2013 - Fellow, National Academy of Inventors
1988 - Fellow of the American Academy of Arts and Sciences
1987 - Fellow of the American Association for the Advancement of Science (AAAS)
1983 - Fellow of the MacArthur Foundation
1981 - ACS Award in Pure Chemistry, American Chemical Society (ACS)
1974 - Fellow of Alfred P. Sloan Foundation
The scientist’s investigation covers issues in Photochemistry, Inorganic chemistry, Electrode, Analytical chemistry and Electrochemistry. His Photochemistry research includes themes of Metal carbonyl, Excited state, Rhenium and Catalysis. His studies in Inorganic chemistry integrate themes in fields like Platinum, Electrolyte, Electrolysis of water, Cyclic voltammetry and Aqueous solution.
His research in Electrode intersects with topics in Polymer and Nanotechnology, Microelectronics. His research integrates issues of Redox and Photocathode in his study of Analytical chemistry. His Electrochemistry study incorporates themes from Photoelectrochemical cell and Surface modification.
Mark S. Wrighton spends much of his time researching Photochemistry, Inorganic chemistry, Electrochemistry, Analytical chemistry and Electrode. He has researched Photochemistry in several fields, including Catalysis, Isomerization, Ruthenium, Metal carbonyl and Excited state. His work carried out in the field of Inorganic chemistry brings together such families of science as Electrolyte, Photoelectrochemical cell, Cyclic voltammetry and Platinum.
His studies examine the connections between Cyclic voltammetry and genetics, as well as such issues in Ferrocene, with regards to Dichlorosilane and Monolayer. The Electrode study combines topics in areas such as Microelectronics, Polymer chemistry and Polymer. His research integrates issues of Transistor and Nanotechnology in his study of Microelectrode.
His primary areas of investigation include Photochemistry, Monolayer, Inorganic chemistry, Electrochemistry and Analytical chemistry. His Photochemistry study also includes fields such as
The study incorporates disciplines such as Transistor, Platinum and Chemical engineering in addition to Inorganic chemistry. He works mostly in the field of Electrochemistry, limiting it down to concerns involving Electrolyte and, occasionally, Aqueous solution, Polymer and Microelectronics. His studies deal with areas such as Secondary ion mass spectrometry and Physical chemistry as well as Analytical chemistry.
His main research concerns Monolayer, Polymer chemistry, Cyclic voltammetry, Inorganic chemistry and Nanotechnology. The various areas that Mark S. Wrighton examines in his Cyclic voltammetry study include Polyaniline, Platinum, Ferrocene and Analytical chemistry. His Analytical chemistry research focuses on Quinone and how it relates to Electrode.
As a part of the same scientific study, Mark S. Wrighton usually deals with the Inorganic chemistry, concentrating on Catalysis and frequently concerns with Ligand, Redox active and Cobaltocene. His Nanotechnology research focuses on Adhesion and how it connects with Functional group. The concepts of his Condensation polymer study are interwoven with issues in Photochemistry and Electroluminescence.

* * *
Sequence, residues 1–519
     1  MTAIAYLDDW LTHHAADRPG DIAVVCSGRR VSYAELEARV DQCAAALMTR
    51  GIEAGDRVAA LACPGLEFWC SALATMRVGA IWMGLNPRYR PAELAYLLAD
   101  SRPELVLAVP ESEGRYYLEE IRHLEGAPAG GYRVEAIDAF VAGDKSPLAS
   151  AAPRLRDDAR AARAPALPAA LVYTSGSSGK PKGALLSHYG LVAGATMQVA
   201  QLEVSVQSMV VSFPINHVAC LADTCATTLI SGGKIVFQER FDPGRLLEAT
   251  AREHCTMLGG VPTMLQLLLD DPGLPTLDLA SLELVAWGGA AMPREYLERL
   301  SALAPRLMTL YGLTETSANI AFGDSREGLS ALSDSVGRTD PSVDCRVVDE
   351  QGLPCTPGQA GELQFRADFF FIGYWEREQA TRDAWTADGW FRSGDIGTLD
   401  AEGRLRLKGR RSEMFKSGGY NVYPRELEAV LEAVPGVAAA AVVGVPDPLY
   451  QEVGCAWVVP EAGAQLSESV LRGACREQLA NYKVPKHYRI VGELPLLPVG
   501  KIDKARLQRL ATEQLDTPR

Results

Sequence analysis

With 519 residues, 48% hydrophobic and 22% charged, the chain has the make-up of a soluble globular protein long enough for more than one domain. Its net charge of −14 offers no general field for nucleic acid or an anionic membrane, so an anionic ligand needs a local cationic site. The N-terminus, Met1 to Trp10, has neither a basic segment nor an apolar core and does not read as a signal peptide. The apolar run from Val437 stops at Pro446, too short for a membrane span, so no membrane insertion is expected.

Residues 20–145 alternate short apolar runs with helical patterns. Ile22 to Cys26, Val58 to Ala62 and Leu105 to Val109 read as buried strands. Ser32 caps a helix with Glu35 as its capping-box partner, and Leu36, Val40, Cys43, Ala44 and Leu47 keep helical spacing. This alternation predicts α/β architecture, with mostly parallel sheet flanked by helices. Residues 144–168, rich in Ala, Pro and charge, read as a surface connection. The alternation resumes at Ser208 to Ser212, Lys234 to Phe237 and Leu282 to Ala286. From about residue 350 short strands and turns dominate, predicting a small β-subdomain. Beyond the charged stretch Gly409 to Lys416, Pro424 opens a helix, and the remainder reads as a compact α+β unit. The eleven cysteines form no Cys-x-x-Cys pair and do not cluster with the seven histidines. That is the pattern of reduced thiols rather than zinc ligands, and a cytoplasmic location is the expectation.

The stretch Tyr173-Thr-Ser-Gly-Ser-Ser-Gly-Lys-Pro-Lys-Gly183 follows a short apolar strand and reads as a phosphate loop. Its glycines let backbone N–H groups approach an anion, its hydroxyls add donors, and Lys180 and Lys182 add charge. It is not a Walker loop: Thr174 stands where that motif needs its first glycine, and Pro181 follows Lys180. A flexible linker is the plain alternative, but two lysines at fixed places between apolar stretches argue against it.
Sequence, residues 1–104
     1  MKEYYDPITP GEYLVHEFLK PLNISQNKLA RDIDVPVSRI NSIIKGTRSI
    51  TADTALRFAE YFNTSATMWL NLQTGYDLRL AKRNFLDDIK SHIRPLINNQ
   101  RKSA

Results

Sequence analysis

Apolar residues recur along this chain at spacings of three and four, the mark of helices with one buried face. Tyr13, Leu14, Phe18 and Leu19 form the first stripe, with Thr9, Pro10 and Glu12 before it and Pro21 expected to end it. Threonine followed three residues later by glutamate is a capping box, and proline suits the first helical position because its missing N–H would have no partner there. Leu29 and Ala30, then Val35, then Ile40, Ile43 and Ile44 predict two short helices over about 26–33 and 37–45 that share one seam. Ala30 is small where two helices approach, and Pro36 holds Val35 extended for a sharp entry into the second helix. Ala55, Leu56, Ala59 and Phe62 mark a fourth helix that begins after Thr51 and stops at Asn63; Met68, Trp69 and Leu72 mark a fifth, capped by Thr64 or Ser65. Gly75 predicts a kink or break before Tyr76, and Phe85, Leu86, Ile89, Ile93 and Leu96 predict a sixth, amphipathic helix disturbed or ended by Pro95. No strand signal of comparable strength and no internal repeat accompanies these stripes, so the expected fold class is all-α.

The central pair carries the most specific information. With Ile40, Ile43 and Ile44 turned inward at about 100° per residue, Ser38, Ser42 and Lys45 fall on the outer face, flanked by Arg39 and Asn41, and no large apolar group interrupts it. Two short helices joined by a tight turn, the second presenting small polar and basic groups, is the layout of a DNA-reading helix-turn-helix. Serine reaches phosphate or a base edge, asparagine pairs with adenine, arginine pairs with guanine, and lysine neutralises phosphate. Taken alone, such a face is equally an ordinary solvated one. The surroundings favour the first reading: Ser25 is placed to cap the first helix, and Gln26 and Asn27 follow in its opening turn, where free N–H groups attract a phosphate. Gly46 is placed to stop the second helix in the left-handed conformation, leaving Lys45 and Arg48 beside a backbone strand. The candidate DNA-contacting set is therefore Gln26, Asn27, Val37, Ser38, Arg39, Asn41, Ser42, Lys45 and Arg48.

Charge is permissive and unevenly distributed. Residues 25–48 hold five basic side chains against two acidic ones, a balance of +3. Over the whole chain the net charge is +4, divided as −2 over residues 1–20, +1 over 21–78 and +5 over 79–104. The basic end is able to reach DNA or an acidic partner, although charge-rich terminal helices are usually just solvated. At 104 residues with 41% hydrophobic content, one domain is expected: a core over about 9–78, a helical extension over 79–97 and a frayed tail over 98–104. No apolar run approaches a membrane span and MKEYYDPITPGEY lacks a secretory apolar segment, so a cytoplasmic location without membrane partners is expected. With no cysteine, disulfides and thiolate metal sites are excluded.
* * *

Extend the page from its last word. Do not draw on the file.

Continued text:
This overview was generated by a machine learning system which analysed the scientist’s body of work. If you have any feedback, you can contact us here.
Resistance of Polyaniline Films as a Function of Electrochemical Potential and the Fabrication of Polyaniline-Based Microelectronic Devices.
Elizabeth W. Paul;Antonio J. Ricco;Mark S. Wrighton.
The Journal of Physical Chemistry (1985)
Functional Group Imaging by Chemical Force Microscopy
C. Daniel Frisbie;Lawrence F. Rozsnyai;Aleksandr Noy;Mark S. Wrighton.
Nature of the lowest excited state in tricarbonylchloro-1,10-phenanthrolinerhenium(I) and related complexes
Mark Wrighton;David L. Morse.
Journal of the American Chemical Society (1974)
Chemical force microscopy: Exploiting chemically-modified tips to quantify adhesion, friction, and functional group distributions in molecular assemblies
Aleksandr Noy;C. Daniel Frisbie;Lawrence F. Rozsnyai;Mark S. Wrighton.
Journal of the American Chemical Society (1995)
Strontium titanate photoelectrodes. Efficient photoassisted electrolysis of water at zero applied potential
Mark S. Wrighton;Arthur B. Ellis;Peter T. Wolczanski;David L. Morse.
Journal of the American Chemical Society (1976)
The Concept of Fermi Level Pinning at Semiconductor/Liquid Junctions. Consequences for Energy Conversion Efficiency and Selection of Useful Solution Redox Couples in Solar Devices
Allen J. Bard;Andrew B. Bocarsly;Fu Ren F. Fan;Erick G. Walton.
Journal of the American Chemical Society (1980)
Chemical derivatization of an array of three gold microelectrodes with polypyrrole: Fabrication of a molecule-based transistor
H. S. White;G. P. Kittlesen;M. S. Wrighton.
Journal of the American Chemical Society (1984)
Orthogonal self-assembled monolayers: alkanethiols on gold and alkane carboxylic acids on alumina.
Paul E. Laibinis;James J. Hickman;Mark S. Wrighton;George M. Whitesides.
CHEMICAL DERIVATIZATION OF MICROELECTRODE ARRAYS BY OXIDATION OF PYRROLE AND N-METHYLPYRROLE: FABRICATION OF MOLECULE-BASED ELECTRONIC DEVICES.
G. P. Kittlesen;H. S. White;M. S. Wrighton.
Journal of the American Chemical Society (1984)
Potential dependence of the conductivity of highly oxidized polythiophenes, polypyrroles, and polyaniline: Finite windows of high conductivity
David Ofer;Richard M. Crooks;Mark S. Wrighton.
Journal of the American Chemical Society (1990)
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